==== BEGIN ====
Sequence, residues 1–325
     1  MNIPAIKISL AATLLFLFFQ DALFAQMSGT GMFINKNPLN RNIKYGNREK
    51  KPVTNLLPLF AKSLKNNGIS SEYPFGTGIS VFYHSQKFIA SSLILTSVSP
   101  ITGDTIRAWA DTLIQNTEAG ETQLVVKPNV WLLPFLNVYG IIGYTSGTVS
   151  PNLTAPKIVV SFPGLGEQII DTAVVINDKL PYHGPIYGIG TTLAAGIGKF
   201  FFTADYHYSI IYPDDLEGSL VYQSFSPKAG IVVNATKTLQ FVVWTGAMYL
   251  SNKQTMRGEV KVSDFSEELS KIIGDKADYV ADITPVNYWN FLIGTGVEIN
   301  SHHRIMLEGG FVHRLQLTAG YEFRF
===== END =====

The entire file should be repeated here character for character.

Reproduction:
Sequence, residues 1–325
     1  MNIPAIKISL AATLLFLFFQ DALFAQMSGT GMFINKNPLN RNIKYGNREK
    51  KPVTNLLPLF AKSLKNNGIS SEYPFGTGIS VFYHSQKFIA SSLILTSVSP
   101  ITGDTIRAWA DTLIQNTEAG ETQLVVKPNV WLLPFLNVYG IIGYTSGTVS
   151  PNLTAPKIVV SFPGLGEQII DTAVVINDKL PYHGPIYGIG TTLAAGIGKF
   201  FFTADYHYSI IYPDDLEGSL VYQSFSPKAG IVVNATKTLQ FVVWTGAMYL
   251  SNKQTMRGEV KVSDFSEELS KIIGDKADYV ADITPVNYWN FLIGTGVEIN
   301  SHHRIMLEGG FVHRLQLTAG YEFRF